How far will technology advance in the next 20 years? That's kind of a difficult question to wrap your head around, isn't it?
Of course, that hasn't prevented people from offering up their own (sometimes bombastic) claims for what the future will hold.
From forecasting the demise of certain companies and technologies to predicting the mass adoption of particular products, tech fortune-tellers have long been waxing philosophical about what's to come.
But in many cases, these predictions have proven to be categorically, unequivocally, wrong.
Here are some of our favorite examples of tech predictions that completely missed the mark.
7 Tech Predictions That Totally Missed the Mark
1) "I predict the Internet will soon go spectacularly supernova and in 1996 catastrophically collapse.” - Robert Metcalfe (1995)
This is one of the most well-known failed tech predictions. And the person who made the prediction, Robert Metcalfe (who co-invented Ethernet, FYI), even acknowledged how off the mark he was a few years after making the prediction. During a keynote speech at the International World Wide Web Conference, Metcalfe put a print version of his InfoWorld column that featured the infamous prediction in a food processor and -- quite literally -- ate his words.
2) "Even if there were a trustworthy way to send money over the Internet -- which there isn't -- the network is missing a most essential ingredient of capitalism: salespeople." - Clifford Stoll (1995)
It turns out that Metcalfe wasn't the only seemingly intelligent person to predict the demise of the internet back in 1995. In an article for Newsweek, astronomer Clifford Stoll explained why the internet wouldn't be as transformative as many had been claiming. Specifically, Stoll called out the idea of "cyber business" (read: eCommerce) as being totally impractical. As Stoll wrote:
We're promised instant catalog shopping -- just point and click for great deals. We'll order airline tickets over the network, make restaurant reservations, and negotiate a sales contract
Flash forward to today and ... yep, we can do all that. What's more, in Q1 of 2016 alone, total eCommerce sales in the U.S. were around $92.8 billion. Needless to say, we've solved the whole "sending money over the internet" thing.
3) "I'd shut [Apple] down and give the money back to the shareholders." - Michael Dell (1997)
This one isn't really phrased like a prediction, but it definitely hints at Dell CEO Michael Dell's vision of the future. The quote above was given in response to a question about what Dell would do with Apple if he were in Steve Jobs' shoes. (Jobs had just rejoined Apple at the time.)
Of course, when we look back now -- knowing that Apple is currently the most valuable brand on the planet -- Dell's plan for Apple's future seems incredibly foolish. But to be fair, lots of folks were discounting Apple at the time. Case in point, this quote from a 1996 Fortune article: "Apple's erratic performance has given it the reputation on Wall Street of a stock a long-term investor would probably avoid."4) "Two years from now, spam will be solved." - Bill Gates (2004)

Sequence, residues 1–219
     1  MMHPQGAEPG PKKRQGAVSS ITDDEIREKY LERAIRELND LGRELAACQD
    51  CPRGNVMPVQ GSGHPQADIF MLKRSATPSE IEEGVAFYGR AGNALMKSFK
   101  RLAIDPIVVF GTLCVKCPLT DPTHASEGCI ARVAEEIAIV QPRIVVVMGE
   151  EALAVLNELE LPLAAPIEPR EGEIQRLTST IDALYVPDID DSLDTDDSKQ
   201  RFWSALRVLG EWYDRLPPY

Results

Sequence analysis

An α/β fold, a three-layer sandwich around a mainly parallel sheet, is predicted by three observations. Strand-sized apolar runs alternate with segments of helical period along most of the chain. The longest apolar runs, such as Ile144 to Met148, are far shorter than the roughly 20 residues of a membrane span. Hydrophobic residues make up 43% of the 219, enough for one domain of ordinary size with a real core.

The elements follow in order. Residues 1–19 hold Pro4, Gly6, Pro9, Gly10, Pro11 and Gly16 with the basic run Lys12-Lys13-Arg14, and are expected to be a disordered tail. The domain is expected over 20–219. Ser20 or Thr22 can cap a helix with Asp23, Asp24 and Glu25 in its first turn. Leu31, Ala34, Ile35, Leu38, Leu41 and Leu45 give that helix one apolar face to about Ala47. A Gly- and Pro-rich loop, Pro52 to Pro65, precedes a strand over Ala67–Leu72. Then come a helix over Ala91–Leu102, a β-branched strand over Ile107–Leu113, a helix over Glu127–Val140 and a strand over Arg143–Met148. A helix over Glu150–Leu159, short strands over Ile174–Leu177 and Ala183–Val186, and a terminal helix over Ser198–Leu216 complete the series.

4) "Two years from now, spam will be solved." - Bill Gates (2004)
I mean, come on. This one was just wishful thinking. At the 2004 World Economic Forum, Bill Gates made the bold claim that spam email would be gone in two years.
Bad news, Bill. It didn't happen. A report published in 2014 -- 10 years after Gates' prediction -- showed that, on average, 54 billion spam emails are sent every day.
5) "Everyone’s always asking me when Apple will come out with a cell phone. My answer is, 'Probably never.'" - David Pogue (2006)
In 2006, the above quote from tech journalist David Pogue appeared in The New York Times. In 2007, Apple released the first generation of its iPhone. So yeah, a definite swing and a miss.
But even after the iPhone was released, tech soothsayers still weren't sure it'd be a success ...
6) "There's no chance that the iPhone is going to get any significant market share. No chance." - Steve Ballmer (2007)
Back in 2007, then Microsoft CEO Steve Ballmer thought the iPhone would be too expensive to earn widespread adoption. In an interview with USA Today, Ballmer even put a number on it. He argued the iPhone might end up with "2% or 3%" of the market share, but no more.
Ballmer was wrong. Apple ended 2015 claiming around 16% of the global smartphone market. And when we look at just the U.S., that market share figure jumps to 40%.
7) "There is no reason anyone would want a computer in their home." - Ken Olsen (1977)
From the 1960s through their acquisition by Compaq in the 1990s, Digital Equipment Corporation (DEC) was a major player in the American computer industry. But for founder and former president and chairman of DEC, Ken Olsen, the computer didn't seem like it would ever become a household consumer good (at least not in 1977, when Olsen made the comment above).